Workplace blogs
Workplace blogs

Humor at Work: Finding Your Own Humor Style

1. Finding Your Own Humor Style

Some humor researchers suggest that for the mental and physical
health benefits of humor to work most effectively, you need to
practice and celebrate the type of humor that you find the
funniest. According to humor expert Herbert Lefcourt, this is not
always as easy as it appears. People are sometimes embarrassed to
admit they laugh at the Three Stooges, or, more likely, they
simply haven’t really seriously thought about what it is that
makes them laugh. So here’s a fun summer assignment
for you: think seriously about your humor preferences. Who
are your top three favorite comedians? Your top three favorite
comedies? Funny books? Sitcoms? Then create an inventory of your
humor preferences, and start a customized humor library at home
(or work) that reflects your unique “humor-print.”
2. Mike’s Fun at Work Tip

If too many people are doing the “Blackberry prayer” during
your meetings, or if people are e-mailing you at home at midnight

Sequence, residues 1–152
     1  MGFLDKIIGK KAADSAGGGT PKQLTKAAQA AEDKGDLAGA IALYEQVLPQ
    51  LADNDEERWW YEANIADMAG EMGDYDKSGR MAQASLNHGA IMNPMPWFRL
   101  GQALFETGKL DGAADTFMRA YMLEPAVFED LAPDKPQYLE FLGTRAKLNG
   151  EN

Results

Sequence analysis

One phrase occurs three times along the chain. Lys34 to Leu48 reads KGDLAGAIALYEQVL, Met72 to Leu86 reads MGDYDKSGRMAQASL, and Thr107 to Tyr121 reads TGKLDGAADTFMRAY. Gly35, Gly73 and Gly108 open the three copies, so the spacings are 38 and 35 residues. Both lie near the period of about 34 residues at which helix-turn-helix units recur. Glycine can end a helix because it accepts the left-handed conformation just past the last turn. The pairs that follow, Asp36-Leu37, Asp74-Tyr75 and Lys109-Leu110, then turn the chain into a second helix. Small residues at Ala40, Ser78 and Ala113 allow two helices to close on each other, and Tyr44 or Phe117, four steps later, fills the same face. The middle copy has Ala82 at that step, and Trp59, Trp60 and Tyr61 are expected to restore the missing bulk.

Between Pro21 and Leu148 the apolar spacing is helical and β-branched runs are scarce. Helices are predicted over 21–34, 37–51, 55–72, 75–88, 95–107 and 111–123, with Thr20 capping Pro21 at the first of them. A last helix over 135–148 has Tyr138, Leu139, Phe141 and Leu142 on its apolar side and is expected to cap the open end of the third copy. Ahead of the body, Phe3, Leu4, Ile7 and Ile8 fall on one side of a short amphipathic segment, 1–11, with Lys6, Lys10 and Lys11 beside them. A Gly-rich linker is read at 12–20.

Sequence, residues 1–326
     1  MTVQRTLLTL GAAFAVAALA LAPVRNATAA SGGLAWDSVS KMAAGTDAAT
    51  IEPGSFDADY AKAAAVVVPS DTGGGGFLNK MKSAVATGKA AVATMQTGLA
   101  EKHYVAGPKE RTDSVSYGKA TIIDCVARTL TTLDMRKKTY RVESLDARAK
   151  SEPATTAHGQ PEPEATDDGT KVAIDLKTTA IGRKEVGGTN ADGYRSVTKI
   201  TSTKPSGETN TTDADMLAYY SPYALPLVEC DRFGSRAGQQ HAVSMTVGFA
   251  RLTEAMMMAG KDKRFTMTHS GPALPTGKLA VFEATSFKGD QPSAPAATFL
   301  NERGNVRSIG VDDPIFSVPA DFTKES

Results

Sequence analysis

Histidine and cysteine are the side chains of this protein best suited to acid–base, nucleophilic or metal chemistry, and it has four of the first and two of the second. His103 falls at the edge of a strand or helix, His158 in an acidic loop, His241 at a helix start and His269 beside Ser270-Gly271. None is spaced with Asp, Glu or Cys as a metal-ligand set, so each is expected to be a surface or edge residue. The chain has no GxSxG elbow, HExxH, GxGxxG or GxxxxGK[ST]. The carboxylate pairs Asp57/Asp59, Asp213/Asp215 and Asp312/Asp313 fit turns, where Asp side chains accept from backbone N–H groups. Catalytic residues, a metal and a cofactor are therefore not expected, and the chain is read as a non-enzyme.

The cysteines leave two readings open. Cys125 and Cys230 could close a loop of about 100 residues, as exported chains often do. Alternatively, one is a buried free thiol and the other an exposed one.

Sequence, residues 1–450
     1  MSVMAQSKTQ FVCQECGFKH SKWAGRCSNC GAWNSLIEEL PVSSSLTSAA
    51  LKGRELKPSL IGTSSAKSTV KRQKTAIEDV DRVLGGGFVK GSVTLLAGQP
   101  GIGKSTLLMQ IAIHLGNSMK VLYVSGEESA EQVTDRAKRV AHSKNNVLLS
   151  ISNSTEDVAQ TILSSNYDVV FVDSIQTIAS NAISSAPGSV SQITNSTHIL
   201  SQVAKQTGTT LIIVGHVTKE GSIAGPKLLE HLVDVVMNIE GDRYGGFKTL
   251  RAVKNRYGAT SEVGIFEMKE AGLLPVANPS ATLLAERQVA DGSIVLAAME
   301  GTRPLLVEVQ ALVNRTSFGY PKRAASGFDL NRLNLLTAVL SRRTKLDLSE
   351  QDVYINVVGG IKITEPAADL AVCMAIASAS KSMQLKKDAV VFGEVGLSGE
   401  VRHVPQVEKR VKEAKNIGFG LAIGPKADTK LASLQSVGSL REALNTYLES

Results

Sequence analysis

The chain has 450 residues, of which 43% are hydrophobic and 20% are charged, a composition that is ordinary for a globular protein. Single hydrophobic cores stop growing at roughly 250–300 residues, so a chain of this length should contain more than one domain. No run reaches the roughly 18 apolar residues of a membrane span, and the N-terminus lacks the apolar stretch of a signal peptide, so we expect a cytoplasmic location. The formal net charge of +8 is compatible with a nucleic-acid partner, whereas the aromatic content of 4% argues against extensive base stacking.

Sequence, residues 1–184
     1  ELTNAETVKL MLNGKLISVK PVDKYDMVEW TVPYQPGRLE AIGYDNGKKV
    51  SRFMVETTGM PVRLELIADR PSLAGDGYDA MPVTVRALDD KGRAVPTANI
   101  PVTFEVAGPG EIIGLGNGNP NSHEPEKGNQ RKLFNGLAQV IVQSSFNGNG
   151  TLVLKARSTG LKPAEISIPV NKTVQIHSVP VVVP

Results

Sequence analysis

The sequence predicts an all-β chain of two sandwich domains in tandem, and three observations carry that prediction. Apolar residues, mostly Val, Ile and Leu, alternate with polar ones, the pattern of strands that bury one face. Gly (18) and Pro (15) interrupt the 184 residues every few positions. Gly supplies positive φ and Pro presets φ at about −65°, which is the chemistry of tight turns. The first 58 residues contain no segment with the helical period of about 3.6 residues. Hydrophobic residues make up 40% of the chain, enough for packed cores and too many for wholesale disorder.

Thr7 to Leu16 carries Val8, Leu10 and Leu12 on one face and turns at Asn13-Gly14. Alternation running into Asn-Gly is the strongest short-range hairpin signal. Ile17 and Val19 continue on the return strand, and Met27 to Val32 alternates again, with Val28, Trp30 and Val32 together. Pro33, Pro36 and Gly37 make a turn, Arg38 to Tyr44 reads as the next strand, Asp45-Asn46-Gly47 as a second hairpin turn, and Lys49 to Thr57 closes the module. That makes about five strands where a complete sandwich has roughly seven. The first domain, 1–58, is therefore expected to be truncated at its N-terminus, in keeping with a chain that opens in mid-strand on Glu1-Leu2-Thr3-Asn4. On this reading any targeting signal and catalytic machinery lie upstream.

and expecting an immediate response, then chances are technology
is turning into a major fun sucker in your workplace. So to stop
the fun-sucking in its tracks, set up some guidelines with your
team, create some fun penalties for abusing the technology, and
institute some technology-free zones/times. Loblows, for example,
is just one of many companies that has found great success by
instituting “e-mail free” Wednesdays.
3. Quote of the Week

“You can’t stay mad at somebody who makes you laugh.” Jay Leno
4. It’s a Wacky, Wacky, World

Here’s a few of the wackiest questions asked by candidates during
job interviews for large corporations:
– Would it be a problem if I’m angry most the time?
– Would you be willing to lower my pay?
– What are the Zodiac signs for all the board members?
– What’s your policy regarding concealed weapons?
– Why aren’t you in a more interesting business?

Happy Hump day one and all! Remember, if you suppress laughter,
you’ll end up with a hardening of the attitudes.
Copyright Michael Kerr, 2008.

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